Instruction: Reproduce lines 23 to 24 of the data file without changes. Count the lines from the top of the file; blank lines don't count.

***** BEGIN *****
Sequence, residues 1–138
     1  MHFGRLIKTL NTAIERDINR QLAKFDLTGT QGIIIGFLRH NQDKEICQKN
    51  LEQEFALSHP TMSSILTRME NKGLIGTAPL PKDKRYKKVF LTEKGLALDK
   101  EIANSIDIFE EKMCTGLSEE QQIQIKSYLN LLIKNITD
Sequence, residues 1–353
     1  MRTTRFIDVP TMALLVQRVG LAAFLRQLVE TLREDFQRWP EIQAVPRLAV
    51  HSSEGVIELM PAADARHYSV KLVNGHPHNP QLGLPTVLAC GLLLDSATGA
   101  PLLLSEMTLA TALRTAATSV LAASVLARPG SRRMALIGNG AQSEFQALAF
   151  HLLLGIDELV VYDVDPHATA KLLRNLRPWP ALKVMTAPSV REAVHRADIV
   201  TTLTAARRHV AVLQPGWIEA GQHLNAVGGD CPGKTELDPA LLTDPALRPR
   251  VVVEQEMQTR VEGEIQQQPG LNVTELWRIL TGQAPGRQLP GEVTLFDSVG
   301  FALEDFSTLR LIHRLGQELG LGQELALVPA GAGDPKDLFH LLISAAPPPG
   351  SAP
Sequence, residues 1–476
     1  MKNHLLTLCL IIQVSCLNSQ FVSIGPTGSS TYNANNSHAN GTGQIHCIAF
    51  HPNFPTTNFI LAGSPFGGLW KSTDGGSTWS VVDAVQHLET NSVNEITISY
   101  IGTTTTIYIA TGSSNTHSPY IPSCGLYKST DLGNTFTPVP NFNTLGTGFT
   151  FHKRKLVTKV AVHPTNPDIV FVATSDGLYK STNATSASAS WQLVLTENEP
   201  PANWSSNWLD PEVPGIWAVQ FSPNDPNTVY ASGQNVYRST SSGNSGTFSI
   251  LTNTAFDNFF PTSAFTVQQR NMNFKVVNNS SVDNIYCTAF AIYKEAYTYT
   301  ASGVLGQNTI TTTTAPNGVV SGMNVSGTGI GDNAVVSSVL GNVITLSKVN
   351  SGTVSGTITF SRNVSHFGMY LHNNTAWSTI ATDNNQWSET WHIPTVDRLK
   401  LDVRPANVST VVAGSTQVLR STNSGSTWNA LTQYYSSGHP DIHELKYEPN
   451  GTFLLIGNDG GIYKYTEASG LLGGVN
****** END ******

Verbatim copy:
   401  LDVRPANVST VVAGSTQVLR STNSGSTWNA LTQYYSSGHP DIHELKYEPN
   451  GTFLLIGNDG GIYKYTEASG LLGGVN